The Right Way to Apply Sunscreen
Published Apr 30, 2012
“Wear your sunscreen every day” is a mantra we’ll never get sick of repeating. A small dose of the sun’s vitamin D-infused rays is acceptable, but prolonged contact brings skin cancer, sun spots, and wrinkles. With SPF 30 as the most-advised minimum—it blocks 97% of UVB rays—sun protection is now more important than ever. Most of us are aware of how vital SPF is, but so many have no idea that application is just as important as dosage. The sad news: The vast majority of people greatly under-apply sunscreen, which exponentially decreases its protective powers. So how much should we really slather on? And how do we mix sun care with makeup without looking like a ghost? We chatted with New York City-based dermatologist Jessica Krant, M.D. to get the facts straight.
"Ideally, sunscreen should be applied after cleansing but before makeup, so that it can be next to the cells it needs to protect," says Dr. Krant. "In the lab, sunscreens are tested with fairly generous application—a light, thin layer is probably not enough. In theory, 1/4 to 1/3 of a teaspoon is good enough for the face, and you should use extra to cover your ears, neck, chest, hands, and exposed areas of the arms.” We're supposed to reapply sunscreen every several hours, but admittedly, it’s difficult with a layer of makeup on top. So how do we protect our skin with makeup on? There are number of creative solutions.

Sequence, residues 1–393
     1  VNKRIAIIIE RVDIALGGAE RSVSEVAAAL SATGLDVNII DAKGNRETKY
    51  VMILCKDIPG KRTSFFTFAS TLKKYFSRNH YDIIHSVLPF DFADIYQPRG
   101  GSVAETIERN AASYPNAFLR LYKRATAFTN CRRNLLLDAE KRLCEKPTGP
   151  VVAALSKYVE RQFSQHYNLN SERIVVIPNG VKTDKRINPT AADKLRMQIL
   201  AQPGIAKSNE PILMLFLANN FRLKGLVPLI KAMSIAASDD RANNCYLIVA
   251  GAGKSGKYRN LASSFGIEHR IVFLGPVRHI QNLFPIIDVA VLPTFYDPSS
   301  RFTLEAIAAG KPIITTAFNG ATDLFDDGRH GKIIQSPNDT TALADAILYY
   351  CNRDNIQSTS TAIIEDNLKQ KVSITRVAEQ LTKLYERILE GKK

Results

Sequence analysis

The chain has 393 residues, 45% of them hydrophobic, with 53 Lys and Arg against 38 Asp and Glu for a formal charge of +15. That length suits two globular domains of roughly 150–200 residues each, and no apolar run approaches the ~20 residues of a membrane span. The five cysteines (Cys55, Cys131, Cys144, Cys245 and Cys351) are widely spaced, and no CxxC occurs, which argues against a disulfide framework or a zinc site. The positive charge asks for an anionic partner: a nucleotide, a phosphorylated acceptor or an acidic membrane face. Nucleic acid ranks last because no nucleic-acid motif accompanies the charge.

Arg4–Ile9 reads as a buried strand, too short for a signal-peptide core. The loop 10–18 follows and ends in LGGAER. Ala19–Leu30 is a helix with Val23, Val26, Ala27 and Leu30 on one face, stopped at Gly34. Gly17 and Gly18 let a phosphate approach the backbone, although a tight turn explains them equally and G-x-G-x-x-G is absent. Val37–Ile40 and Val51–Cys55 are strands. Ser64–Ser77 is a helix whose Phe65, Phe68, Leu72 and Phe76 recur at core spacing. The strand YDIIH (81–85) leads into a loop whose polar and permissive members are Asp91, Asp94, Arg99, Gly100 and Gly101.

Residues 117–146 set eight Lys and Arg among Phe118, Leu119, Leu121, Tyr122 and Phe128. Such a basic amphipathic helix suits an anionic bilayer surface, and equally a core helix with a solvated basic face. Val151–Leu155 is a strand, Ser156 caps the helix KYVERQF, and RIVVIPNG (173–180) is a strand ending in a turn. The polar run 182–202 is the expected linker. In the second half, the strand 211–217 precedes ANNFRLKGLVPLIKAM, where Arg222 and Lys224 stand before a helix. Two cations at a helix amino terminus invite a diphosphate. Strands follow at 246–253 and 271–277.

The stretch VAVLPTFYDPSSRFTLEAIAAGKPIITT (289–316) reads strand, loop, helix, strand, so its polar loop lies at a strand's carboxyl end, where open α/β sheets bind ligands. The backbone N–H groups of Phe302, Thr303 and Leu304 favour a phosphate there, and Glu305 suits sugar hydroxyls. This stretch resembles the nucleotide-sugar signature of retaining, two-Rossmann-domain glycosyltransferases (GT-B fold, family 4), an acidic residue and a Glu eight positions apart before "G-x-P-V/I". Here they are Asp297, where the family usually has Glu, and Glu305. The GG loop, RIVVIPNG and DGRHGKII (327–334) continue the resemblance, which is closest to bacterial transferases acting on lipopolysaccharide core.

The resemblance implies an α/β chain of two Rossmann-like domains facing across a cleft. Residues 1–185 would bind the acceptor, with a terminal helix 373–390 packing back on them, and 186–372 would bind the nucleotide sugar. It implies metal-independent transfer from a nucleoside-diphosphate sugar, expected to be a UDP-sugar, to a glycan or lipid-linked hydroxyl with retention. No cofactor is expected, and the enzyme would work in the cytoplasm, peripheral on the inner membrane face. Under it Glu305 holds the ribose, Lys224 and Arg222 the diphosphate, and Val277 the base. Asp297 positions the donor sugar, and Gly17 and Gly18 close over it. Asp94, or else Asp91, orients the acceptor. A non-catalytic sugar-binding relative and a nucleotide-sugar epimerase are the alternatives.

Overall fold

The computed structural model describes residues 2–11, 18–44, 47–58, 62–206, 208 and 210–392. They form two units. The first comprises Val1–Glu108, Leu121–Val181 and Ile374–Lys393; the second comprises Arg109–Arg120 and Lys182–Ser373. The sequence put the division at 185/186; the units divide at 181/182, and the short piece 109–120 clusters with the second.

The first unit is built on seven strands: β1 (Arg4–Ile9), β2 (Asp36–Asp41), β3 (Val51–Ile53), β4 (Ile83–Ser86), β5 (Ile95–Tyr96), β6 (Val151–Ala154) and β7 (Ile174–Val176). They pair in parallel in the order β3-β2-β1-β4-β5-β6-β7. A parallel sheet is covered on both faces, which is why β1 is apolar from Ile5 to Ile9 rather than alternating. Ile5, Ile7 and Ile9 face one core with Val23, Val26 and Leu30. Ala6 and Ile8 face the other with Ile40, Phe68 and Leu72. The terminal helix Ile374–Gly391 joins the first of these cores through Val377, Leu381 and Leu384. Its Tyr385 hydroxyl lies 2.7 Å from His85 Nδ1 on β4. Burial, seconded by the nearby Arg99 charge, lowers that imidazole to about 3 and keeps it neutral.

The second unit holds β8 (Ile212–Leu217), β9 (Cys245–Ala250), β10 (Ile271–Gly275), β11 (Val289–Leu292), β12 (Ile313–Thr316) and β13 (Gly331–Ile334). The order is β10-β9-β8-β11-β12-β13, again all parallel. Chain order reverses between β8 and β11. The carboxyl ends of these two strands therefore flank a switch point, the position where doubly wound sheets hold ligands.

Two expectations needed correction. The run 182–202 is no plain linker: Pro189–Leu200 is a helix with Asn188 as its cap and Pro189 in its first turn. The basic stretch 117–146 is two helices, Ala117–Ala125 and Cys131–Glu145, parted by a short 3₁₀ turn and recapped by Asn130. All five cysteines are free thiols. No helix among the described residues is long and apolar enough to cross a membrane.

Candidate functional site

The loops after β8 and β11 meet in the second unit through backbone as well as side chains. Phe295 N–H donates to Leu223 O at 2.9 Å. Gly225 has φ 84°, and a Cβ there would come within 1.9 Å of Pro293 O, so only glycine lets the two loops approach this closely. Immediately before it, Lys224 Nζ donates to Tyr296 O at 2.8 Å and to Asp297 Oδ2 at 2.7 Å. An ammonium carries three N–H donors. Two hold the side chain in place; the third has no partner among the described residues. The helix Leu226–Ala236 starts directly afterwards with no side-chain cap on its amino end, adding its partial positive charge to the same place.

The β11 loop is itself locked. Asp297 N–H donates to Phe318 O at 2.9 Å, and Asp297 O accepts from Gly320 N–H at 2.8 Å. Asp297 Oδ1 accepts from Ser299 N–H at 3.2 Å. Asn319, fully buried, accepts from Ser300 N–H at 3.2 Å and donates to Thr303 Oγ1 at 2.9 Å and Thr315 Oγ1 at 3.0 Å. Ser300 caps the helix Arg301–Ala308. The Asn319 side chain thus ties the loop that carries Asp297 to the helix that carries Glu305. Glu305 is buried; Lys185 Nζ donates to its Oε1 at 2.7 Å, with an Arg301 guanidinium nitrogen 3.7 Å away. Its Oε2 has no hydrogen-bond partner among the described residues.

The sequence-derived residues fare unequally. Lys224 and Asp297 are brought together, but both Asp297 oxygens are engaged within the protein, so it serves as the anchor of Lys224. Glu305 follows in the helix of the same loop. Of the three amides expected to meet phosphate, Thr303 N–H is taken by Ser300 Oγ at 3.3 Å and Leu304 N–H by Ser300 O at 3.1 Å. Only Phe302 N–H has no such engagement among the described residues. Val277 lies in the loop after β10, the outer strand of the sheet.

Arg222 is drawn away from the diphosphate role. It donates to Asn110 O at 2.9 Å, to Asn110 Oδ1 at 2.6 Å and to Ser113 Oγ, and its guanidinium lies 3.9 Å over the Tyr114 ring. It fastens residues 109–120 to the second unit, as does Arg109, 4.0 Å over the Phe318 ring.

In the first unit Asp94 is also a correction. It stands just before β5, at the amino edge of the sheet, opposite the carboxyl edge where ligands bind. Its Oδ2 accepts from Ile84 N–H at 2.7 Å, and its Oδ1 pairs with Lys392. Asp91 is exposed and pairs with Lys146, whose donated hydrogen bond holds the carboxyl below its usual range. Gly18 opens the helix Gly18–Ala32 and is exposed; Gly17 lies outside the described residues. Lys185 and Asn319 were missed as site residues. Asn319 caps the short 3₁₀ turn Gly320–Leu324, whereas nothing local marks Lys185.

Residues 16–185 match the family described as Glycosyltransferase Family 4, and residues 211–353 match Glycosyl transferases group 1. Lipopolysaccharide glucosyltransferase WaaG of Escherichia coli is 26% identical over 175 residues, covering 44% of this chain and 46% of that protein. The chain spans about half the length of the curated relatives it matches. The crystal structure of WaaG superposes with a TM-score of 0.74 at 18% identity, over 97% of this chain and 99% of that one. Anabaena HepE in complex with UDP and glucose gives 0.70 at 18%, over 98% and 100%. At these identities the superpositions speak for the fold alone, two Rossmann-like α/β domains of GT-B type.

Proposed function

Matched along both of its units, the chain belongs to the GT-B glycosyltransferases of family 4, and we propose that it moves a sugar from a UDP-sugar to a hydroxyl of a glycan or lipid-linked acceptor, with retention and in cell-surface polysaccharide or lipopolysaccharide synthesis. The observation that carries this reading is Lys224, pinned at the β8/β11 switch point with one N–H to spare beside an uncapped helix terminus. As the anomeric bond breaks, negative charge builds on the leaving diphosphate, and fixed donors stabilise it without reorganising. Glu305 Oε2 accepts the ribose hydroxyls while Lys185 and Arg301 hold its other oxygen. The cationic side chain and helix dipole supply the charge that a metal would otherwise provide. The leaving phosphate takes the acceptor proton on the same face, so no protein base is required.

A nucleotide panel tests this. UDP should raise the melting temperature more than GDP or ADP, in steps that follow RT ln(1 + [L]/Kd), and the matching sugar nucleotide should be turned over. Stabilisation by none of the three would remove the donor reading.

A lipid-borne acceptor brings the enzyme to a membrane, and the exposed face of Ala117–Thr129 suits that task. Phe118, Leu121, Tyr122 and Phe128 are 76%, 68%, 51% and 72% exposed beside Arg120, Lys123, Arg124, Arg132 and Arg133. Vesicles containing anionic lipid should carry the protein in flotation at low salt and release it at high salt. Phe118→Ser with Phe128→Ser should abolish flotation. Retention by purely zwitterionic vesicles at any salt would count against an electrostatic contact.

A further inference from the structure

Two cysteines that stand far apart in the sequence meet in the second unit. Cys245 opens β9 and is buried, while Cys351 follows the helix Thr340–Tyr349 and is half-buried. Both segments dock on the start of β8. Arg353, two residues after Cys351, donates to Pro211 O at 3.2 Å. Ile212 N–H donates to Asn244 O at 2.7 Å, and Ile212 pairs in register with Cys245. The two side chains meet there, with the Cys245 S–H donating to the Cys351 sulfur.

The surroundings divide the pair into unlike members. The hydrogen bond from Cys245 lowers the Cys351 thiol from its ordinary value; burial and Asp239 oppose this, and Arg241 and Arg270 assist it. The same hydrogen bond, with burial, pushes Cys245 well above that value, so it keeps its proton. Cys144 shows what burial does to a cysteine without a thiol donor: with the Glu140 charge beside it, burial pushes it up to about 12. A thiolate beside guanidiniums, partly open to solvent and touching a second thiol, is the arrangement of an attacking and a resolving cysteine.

SPF powders—which contain titanium dioxide and zinc oxide in powdered form—can prolong the first layer of sun protection without re-applying your makeup. Makeup that’s pre-formulated with SPF—think foundation, blemish balms, and tinted moisturizers—also packs the benefits of pigment with sun protection, but that begs the question: Is SPF makeup enough on its own? "If makeup and moisturizers have at least SPF 30 and are generously applied, these products can be used as sunscreens," admits Dr. Krant. "However, since SPF doesn't measure UVA rays, [responsible for premature aging] it's hard to gauge the level of protection unless it states 'Broad Spectrum.'" For peace of mind and healthier skin, use a separate sunscreen underneath your makeup, regardless!
Dr. Jessica Krant is a board-certified dermatologist and Founder of Art of Dermatology on 5th Avenue in Manhattan, as well as Assistant Clinical Professor of Dermatology at SUNY Downstate Medical Center. Follow her on Twitter @TheSkinMD